Wednesday, February 21, 2007

Gracious Acres

Gracious Acres is a blog written by a young mother living in rural Iowa. It has nice pictures, stories and recipes. Makes Iowa look pretty darn nice. I like the family-oriented style, and the variety.

Tuesday, February 20, 2007

In The End

And in the end there will be


and the chair

and the magazine

and the ashtray

and the remote control

and the matches

and the paddle ball

and after you have it all

you'll trade it for a red and white thermos


Monday, February 19, 2007

Henna Body Art

Rachel had some very cool henna designs on her hands when she got back from her trip to Chennai.

You can click on these pictures to see the larger size.

Painting a New Sign

We need to slow down every so often if we are going to have a chance to have some new thoughts. We need inspiration. A chance to stretch the imagination - to come up with new ideas. Generally they are ideas, that may lead us to do some thing, that keep us entertained for some period of time, and then when we become bored with that thing we move on to something new.

We need certain threads to hold things together, so we don't get washed away by something too far out.

Right now I'm thinking the best idea is to go with the flow. Float. Things will happen in the right time. Rather than forcing things it's often best to wait - no matter how much we may wish things will change (or that they will not change) - things will change in their own time. In some sense everything is just perfect. It couldn't be any other way - as long as we are thinking of the past or the future.

The best we can hope to do is to be here now. In this moment, this place, this time, taking this breath, listening, waiting, thinking, painting, petting a dog...sewing.

Sometimes you just have to take time to do things not generally defined by society as useful. Maybe paint a sign or sew something. I sewed this shirt last Saturday. It was a nice break from thinking about some things and a chance to puzzle through how a shirt is constructed. It cost me $6 for the fabric and took...maybe 8 hours (I sort of lost track of time). It was fun - but my eyes were pretty tired near the end. Next time I think I will try using a pattern...or maybe something simpler.


We fill our calendars with events, try to find ways to get more done in each day, work more hours, plan elaborate vacations, or make weekend plans...and spend our days in busy desperation doing more and more just to stay even - waiting for the weekend, the vacation, as life passes us by.

Here's a tip - don't worry about the weekend, your job, your retirement, next week, or tomorrow. The best thing you can do for yourself is to be yourself. To stay interested and interesting - you need to take a break, lots of breaks, to find out what resonates with you. Who you are and what you can be.

The world, tomorrow, will take care of itself - your job is to take care, and make the most of, your self.

digg spy

digg spy gives you a feel for the popularity of topics on the information super-highway real time. It's pretty weird to watch the repetition, and the occasional off the wall topic, as people around the globe "digg" various items they find interesting on the internet.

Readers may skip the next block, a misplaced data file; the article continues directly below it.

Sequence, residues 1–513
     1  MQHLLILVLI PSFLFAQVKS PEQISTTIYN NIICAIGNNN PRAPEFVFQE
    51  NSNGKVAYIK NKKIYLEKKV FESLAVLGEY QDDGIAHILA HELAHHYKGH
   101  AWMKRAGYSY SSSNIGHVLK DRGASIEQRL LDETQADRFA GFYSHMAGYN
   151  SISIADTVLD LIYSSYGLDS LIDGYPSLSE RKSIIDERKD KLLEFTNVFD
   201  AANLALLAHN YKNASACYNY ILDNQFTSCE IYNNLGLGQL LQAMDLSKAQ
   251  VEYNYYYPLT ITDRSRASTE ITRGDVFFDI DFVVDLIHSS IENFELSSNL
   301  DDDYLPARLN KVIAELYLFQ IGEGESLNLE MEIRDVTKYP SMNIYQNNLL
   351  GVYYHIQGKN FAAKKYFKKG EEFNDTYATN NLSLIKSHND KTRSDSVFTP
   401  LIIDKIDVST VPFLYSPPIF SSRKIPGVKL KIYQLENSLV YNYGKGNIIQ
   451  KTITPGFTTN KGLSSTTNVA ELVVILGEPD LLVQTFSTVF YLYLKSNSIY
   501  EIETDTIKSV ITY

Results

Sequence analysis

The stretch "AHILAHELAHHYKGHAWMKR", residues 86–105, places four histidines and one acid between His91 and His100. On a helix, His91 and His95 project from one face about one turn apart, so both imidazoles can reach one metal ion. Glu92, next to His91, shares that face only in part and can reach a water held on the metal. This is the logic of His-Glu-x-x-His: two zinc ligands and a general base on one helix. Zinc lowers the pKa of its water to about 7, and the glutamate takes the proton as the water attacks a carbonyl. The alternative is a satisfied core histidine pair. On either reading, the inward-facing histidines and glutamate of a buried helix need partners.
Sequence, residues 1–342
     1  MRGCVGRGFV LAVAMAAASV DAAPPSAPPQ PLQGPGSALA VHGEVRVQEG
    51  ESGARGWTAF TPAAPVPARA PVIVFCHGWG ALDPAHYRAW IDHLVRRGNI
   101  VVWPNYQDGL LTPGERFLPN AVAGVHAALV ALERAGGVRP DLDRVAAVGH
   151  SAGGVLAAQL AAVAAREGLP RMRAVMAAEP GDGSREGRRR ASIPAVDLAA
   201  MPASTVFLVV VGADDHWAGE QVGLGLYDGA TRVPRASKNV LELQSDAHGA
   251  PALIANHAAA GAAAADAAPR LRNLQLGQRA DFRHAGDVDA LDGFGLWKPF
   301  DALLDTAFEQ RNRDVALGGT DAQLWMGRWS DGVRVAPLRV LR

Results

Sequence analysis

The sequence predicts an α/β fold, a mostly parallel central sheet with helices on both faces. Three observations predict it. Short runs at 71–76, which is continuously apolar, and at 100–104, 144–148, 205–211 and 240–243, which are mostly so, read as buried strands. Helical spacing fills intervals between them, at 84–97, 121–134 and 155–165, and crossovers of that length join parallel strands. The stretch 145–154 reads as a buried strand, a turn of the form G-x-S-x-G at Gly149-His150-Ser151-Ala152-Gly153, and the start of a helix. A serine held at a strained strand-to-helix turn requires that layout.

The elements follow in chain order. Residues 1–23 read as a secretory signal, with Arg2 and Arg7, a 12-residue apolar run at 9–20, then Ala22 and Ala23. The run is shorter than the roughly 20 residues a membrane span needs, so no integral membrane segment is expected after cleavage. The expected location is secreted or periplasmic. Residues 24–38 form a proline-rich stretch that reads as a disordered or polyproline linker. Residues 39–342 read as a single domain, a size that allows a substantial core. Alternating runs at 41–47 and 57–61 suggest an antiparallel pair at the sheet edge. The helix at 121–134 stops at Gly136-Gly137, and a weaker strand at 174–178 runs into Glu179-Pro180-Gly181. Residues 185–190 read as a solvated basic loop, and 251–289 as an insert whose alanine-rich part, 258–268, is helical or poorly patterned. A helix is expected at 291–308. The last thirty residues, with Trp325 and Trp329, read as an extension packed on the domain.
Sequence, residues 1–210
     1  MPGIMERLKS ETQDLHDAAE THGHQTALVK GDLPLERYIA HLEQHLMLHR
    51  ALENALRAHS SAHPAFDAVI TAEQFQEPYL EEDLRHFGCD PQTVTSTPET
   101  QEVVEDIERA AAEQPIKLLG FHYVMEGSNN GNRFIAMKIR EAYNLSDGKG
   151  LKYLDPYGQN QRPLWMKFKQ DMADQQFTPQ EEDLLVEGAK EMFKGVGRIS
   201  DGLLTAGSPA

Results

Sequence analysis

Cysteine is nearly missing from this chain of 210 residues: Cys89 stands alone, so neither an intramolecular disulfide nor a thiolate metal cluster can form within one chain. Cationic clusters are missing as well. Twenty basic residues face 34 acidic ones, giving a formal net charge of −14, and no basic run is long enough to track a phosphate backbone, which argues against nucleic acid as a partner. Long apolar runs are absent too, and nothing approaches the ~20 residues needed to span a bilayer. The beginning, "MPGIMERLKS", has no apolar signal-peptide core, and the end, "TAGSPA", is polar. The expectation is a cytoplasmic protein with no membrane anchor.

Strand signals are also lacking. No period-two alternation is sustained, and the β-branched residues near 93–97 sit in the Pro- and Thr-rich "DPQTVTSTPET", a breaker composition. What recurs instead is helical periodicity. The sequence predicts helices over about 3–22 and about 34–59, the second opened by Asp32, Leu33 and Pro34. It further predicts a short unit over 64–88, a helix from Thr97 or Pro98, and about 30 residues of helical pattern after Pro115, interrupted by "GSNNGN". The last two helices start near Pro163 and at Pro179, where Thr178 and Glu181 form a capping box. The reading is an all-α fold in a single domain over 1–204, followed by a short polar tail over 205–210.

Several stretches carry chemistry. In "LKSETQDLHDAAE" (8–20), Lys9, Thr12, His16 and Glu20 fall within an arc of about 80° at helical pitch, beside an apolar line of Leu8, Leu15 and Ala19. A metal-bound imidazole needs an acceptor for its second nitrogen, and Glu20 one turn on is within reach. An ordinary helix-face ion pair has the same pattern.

Sunday, February 18, 2007

Dream Trips

The Freighter Cruise and Travel Club has some really interesting sounding travel opportunities.

For example - a sixteen day cruise departing from Papeete, Tahiti to remote islands in the South Pacific. The cargo liner has an outdoor swimming pool, a gym and facilities for ocean swimming, fishing, snorkeling and scuba diving. The pictures and reviews look excellent.

A person who traveled on one of these cruises writes,

"The French serve endless bottles of wine at both lunch and dinner, all included in the fare which starts at $2,079 for a dorm to $5,445 for the best deluxe suites which even includes bathtub and a balcony. The prices are per person, double occupancy and include 3 meals with wine, guided excursions, picnic and meals on shore."

Voy. 1

2007 Schedule

February 5 - February 17
February 24 - March 10
March 17 - March 31
April 7 - April 21
April 28 - May 12
May 19 - June 2
June 9 - June 23
June 30 - July 14
July 21 - August 4
August 11 - August 25
September 1 - September 15
September 22 - October 6
October 13 - October 27
November 3 - November 17
November 24 - December 8
December 14 - December 29

A PROMOTIONAL SPECIAL 15% discount is offered on all bookings, except those in class C accommodations, on voyage # 7, and a SENIOR CITIZENS SPECIAL 15% discount is offered to senior citizens aged 60 and over on voyage #11.


If you have more time you could take a 104 day around-the-world cruise. The website describes one around-the-world cruise -

From misty Northern European ports
to sunny South Pacific islands

"Monthly sailings from Dunkirk or Le Havre, France. Passengers arriving from the UK or overseas via London meet with the owner’s representative and get a free transfer, either via Le Shuttle/Eurostar or ferry across the Channel. The vessel sails across the Atlantic and through the Panama Canal (here as well passengers can join the ship) to Papeete, Tahiti; Auckland, New Zealand; Noumea, New Caledonia; Suva and Lautoka, Fiji; Santo, Vanuatu; Honiara, Solomon Islands; Lae, Rabaul, Kimbe and Madang, Papua New Guinea, possibly another port or two in the area, and onwards to Singapore and through the Suez Canal, Mediterranean and Straits of Gibraltar to Hamburg in approx. 104 days. Port times vary between one and three days."